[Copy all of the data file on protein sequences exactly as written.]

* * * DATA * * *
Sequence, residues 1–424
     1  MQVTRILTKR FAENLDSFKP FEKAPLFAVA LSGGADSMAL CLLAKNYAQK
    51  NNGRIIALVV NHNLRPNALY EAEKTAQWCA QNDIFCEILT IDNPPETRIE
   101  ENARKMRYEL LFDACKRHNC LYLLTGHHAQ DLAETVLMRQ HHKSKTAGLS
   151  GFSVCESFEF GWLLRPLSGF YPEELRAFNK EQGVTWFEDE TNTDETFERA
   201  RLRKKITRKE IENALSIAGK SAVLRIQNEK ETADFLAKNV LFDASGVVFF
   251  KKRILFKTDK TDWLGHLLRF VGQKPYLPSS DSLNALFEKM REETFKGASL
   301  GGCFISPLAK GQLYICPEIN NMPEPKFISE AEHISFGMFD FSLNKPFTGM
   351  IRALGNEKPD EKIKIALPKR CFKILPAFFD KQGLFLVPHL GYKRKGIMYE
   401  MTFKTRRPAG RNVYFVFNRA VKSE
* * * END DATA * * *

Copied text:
Sequence, residues 1–424
     1  MQVTRILTKR FAENLDSFKP FEKAPLFAVA LSGGADSMAL CLLAKNYAQK
    51  NNGRIIALVV NHNLRPNALY EAEKTAQWCA QNDIFCEILT IDNPPETRIE
   101  ENARKMRYEL LFDACKRHNC LYLLTGHHAQ DLAETVLMRQ HHKSKTAGLS
   151  GFSVCESFEF GWLLRPLSGF YPEELRAFNK EQGVTWFEDE TNTDETFERA
   201  RLRKKITRKE IENALSIAGK SAVLRIQNEK ETADFLAKNV LFDASGVVFF
   251  KKRILFKTDK TDWLGHLLRF VGQKPYLPSS DSLNALFEKM REETFKGASL
   301  GGCFISPLAK GQLYICPEIN NMPEPKFISE AEHISFGMFD FSLNKPFTGM
   351  IRALGNEKPD EKIKIALPKR CFKILPAFFD KQGLFLVPHL GYKRKGIMYE
   401  MTFKTRRPAG RNVYFVFNRA VKSE